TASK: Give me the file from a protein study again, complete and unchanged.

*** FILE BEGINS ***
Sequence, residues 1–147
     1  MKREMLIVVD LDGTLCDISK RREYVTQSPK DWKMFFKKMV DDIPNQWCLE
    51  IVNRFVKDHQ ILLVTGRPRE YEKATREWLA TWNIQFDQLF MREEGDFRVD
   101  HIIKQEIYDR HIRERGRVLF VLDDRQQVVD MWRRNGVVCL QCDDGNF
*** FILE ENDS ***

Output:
Sequence, residues 1–147
     1  MKREMLIVVD LDGTLCDISK RREYVTQSPK DWKMFFKKMV DDIPNQWCLE
    51  IVNRFVKDHQ ILLVTGRPRE YEKATREWLA TWNIQFDQLF MREEGDFRVD
   101  HIIKQEIYDR HIRERGRVLF VLDDRQQVVD MWRRNGVVCL QCDDGNF